Ear Discharge (Ear Drainage) – Causes, Symptoms & Treatment
- Last Updated: Jan 3rd, 2019
- Posted by: admin
- Category: Health & Wellness
You may have experienced a wet leaky brown substance draining out of the ear.
Yes, that is an excess earwax which is cleaned by the ear and it is discharged. Well, it is natural. But if your ear starts draining water, blood, pus, colored fluid instead of earwax, then it a worrisome matter as it reflects that something is wrong with your ears. As draining of blood and fluids from any parts of your body can not be considered normal.
Thus ear discharge or ear drainage should be focussed carefully as ignorance of it may lead to other problems. Let’s begin with the definition of ear discharge (ear drainage).
What is ear discharge?
When there is a discharge of fluid, earwax, pus along with blood and water from the ear, it is called as ear discharge or ear drainage. Otorrhea is a scientific term for ear discharge or drainage. The drainage may be watery, bloody, or thick and whitish, like pus (purulent).
In most cases, there is a discharge of earwax from your ear. It is a natural process as earwax is a form of oil that our body produces. Earwax resists the entry of dust, bacteria and foreign bodies into the ear. Your auditory system has a self-cleaning system. That’s why you may observe the drainage of excess earwax from your ears. But if the drainage is due to infections or injury it can pose a threat to your auditory system.
Types of ear discharge
Ear drainage may be of different types. It depends on the conditions and what type of substance is coming out of the ear. Let’s discuss some of the categories of ear discharge.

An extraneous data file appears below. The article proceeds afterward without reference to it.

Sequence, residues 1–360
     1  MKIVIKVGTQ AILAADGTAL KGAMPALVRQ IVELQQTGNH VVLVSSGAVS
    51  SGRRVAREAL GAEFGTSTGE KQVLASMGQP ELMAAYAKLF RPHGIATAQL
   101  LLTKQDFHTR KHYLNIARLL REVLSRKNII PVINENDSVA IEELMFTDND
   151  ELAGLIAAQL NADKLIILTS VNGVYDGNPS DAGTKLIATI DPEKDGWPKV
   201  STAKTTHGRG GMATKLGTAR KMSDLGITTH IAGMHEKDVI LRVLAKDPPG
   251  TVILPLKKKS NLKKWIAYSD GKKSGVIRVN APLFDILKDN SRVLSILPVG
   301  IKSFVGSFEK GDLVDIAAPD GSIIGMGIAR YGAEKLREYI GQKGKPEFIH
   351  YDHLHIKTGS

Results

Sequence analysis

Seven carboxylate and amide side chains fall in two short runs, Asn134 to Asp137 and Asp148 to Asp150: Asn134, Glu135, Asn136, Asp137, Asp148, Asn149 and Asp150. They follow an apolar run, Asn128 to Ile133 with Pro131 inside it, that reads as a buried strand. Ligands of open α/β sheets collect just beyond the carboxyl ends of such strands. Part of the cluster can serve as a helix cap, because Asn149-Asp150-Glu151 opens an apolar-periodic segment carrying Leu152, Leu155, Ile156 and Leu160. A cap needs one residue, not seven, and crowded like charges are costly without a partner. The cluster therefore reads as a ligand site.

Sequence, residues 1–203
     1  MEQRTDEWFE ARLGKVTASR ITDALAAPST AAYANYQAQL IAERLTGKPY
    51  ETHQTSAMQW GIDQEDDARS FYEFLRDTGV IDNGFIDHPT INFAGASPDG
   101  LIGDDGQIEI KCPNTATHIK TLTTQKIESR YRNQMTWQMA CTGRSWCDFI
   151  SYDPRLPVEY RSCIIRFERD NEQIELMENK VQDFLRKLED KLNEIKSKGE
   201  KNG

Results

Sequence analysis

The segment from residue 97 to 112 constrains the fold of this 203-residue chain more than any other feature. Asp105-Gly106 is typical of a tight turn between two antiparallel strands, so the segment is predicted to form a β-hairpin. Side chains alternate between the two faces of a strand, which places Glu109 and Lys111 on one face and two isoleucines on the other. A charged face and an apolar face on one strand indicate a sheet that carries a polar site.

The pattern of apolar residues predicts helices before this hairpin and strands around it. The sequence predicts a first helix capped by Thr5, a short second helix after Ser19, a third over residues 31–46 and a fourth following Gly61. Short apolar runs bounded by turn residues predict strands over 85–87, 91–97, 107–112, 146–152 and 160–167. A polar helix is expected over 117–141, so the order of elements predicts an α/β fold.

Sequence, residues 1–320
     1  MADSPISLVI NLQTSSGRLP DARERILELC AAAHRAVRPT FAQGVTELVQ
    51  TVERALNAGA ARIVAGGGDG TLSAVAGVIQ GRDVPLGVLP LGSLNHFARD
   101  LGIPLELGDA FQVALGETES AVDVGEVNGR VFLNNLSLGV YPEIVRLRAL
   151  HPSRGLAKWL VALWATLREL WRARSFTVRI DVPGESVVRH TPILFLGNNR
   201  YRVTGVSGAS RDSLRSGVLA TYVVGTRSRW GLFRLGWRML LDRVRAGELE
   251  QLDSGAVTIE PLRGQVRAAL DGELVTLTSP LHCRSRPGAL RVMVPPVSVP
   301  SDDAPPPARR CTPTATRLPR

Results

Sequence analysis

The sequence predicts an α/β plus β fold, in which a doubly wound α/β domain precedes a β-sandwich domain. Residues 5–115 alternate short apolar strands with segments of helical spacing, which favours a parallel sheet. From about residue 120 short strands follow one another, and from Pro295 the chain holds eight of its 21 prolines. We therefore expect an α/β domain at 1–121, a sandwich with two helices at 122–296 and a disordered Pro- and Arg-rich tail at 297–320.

Pus or Cloudy Fluid – This is the most common type of ear discharge. The main cause is an ear infection. The drainage is from a torn eardrum. The eardrum ruptures in about 10% of bacterial ear infections. You may also experience white, yellow, or foul-smelling drainage.
Ear Tube Fluid Release – Children with frequent ear infections may get ventilation tubes put in. These help the middle ear drain its fluids and become dry. Sometimes, the ear tube gets plugged up. Normal fluids build up in the middle ear until the ear tube opens up again. This can cause some clear fluid drainage from the ear canal for a day.
Earwax – Earwax is light brown, dark brown, or orange-brown in color. If it gets wet, it can look like a discharge.
Blood – This follows an injury to the ear. Usually, it’s just a minor scratch of the lining of the ear canal. Bright red ear drainage can be the result of the insertion of foreign objects, cancer, and aspirin or Coumadin.
Water – Bathwater or tears can get in the ear canal. Seeing a clear “discharge” that happens once is likely this.
Ear Drops – The person who sees the discharge may not know someone else put in drops.
Swimmer’s Ear Discharge – Early symptoms are an itchy ear canal. Later symptoms include a whitish, watery discharge. Mainly occurs in swimmers and in the summertime. Ear drainage that is clear or slightly blood-tinged can be caused by skin problems in the ear, such as eczema or swimmer’s ear.
Ear Canal Foreign Body (Object) – Young children may put small objects in their ear canal. It can cause a low-grade infection and pus-colored discharge. If the object was sharp, the discharge may have streaks of blood.
The type of ear discharge reflects the underlying and specific cause. As bloody discharge reflects the entry of foreign objects in the canal, watery discharge reflects the presence of bathwater in the ear. Lets study about the specific causes behind different ear discharges.
What causes ear discharge?
There are general and common as well as rare causes behind ear discharge. Generally, it happens due to general causes but rare causes should not be ignored. Thus we will discuss both.
Common causes of ear drainage
It is natural to see some earwax in the outer canal of the ear. As your ear has a self-cleaning system. Thus drainage of excess earwax from the ear canal is a cleaning process. And you don’t need to worry about this. If an excess of earwax leads to eustachian tube dysfunction, then it should be cleaned manually.